Good morning, Philadelphia. Today the Trump-Russia dossier is back in the news, as is Larry Krasner, both certainly not for the last time. But perhaps most importantly, Pennsylvania is taking a bold step in the fight against the opioid epidemic.

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— Aubrey Nagle

Robert Hilton holds on to a needle after using heroin along the railroad track in Kensington in Philadelphia, PA on October 25, 2017.
DAVID MAIALETTI / Staff Photographer
Robert Hilton holds on to a needle after using heroin along the railroad track in Kensington in Philadelphia, PA on October 25, 2017.

Later today, Gov. Tom Wolf will make Pennsylvania the eighth state to declare a statewide emergency in the wake of the opioid epidemic sweeping the nation.

The status is normally reserved for natural disaster recovery. In Philadelphia, overdose deaths reached record highs in 2017, with final totals expected to pass 1,200 — quadruple the murder rate.

So what comes next? The move will bring more resources to hard hit areas like Philly and Pittsburgh, get more people into treatment, increase the use of the overdose-reversing spray Narcan, and possibly even pave the way for the country's first safe-injection sites.

Yesterday Sen. Dianne Feinstein of California released a transcript of the testimony made by Glenn R. Simpson, founder of research firm Fusion GPS which commissioned the famed Trump-Russia dossier, to the Senate Judiciary Committee in August. His testimony reveals that the author of the dossier feared a political candidate was being blackmailed and thus brought his findings to the FBI.

(Simpson actually has a local connection, too: he went to Conestoga High School in Chester County and faced a harsh spotlight as a teen after a classmate died following a party at his house.)

Overnight, the Associated Press also obtained a report by congressional Democrats, to be officially released today, which calls out Trump personally for failing to respond to Russia's mounting destabilization activities in the U.S.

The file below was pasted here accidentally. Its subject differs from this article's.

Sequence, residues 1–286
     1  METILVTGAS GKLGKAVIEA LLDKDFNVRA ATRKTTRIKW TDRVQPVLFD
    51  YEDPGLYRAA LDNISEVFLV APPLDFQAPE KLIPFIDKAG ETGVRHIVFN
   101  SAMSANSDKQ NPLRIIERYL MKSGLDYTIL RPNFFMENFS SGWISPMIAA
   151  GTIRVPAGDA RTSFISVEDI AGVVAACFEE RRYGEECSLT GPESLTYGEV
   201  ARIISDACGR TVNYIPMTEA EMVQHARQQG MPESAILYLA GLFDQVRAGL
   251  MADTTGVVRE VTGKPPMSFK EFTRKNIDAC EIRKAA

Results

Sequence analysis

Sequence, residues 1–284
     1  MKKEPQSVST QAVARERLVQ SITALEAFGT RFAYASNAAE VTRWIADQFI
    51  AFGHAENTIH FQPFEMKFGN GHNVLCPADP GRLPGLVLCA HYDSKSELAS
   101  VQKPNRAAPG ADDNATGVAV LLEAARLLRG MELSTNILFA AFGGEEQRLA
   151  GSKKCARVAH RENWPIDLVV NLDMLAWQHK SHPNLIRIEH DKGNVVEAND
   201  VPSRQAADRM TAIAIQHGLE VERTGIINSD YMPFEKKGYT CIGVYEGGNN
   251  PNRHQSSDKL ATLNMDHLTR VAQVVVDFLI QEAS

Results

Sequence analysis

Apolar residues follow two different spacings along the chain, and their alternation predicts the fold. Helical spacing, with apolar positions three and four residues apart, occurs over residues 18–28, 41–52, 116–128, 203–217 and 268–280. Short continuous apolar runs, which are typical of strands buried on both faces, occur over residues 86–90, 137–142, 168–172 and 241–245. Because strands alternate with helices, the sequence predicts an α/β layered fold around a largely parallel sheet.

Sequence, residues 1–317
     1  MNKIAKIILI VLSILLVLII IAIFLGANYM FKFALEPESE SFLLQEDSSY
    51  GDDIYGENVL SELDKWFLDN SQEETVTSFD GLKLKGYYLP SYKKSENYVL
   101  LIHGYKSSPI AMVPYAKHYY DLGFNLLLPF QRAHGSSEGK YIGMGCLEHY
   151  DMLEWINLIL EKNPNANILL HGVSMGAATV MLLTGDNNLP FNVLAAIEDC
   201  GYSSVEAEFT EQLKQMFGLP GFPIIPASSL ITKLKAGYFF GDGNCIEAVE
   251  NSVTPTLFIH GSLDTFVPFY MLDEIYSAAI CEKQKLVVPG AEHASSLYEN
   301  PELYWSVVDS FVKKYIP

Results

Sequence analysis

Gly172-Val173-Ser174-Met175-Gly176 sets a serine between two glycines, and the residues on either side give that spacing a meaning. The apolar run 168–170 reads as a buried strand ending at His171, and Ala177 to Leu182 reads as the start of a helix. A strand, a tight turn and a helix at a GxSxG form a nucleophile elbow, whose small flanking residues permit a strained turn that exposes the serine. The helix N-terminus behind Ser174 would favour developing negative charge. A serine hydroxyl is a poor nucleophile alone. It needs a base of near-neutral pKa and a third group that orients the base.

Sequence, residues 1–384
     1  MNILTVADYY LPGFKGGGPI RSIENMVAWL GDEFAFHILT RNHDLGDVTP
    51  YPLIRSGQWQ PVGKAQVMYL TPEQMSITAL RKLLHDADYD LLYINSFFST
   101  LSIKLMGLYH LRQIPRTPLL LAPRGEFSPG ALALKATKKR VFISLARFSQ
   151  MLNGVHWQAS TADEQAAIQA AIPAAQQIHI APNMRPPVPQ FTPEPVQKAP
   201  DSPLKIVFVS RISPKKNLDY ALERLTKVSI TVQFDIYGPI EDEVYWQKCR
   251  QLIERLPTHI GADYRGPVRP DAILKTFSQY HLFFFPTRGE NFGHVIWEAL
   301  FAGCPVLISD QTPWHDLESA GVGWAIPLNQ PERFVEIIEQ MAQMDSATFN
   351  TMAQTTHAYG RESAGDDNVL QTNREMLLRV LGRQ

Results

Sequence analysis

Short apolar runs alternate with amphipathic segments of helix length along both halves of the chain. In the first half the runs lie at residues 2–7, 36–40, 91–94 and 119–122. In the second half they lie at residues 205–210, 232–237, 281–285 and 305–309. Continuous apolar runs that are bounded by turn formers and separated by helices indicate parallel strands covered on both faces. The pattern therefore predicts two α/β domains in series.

After ousting dozens from his office during his first week, new Philly District Attorney Larry Krasner has one response to critics of the ousters: "The coach gets to pick the team."

He revealed more about his staffing plans yesterday in his first public interview since being sworn in, vowing to make the office less hierarchical and naming new hires. Krasner also elaborated on the clean sweep to columnist Solomon Jones, emphasizing that he requested resignations rather than firing staffers.

A full list of who was dismissed has yet to be revealed, and columnist Stu Bykofsky believes Philadelphians have the right to know who left and why.

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"Little did we know that while we painstakingly curated and safeguarded these disclosure rights for children, adults were also falling victim to similar voicelessness."
— — Garrett Snider, grandson of the late Flyers founder Ed Snider, writes that employers can help #MeToo victims by taking a lesson from how we treat abused children.

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Lifestyle blogger Ken Butler went from the Philly foster system to starring on Revenge Body with Khloe Kardashian. You may even see him on Keeping Up with the Kardashians, too.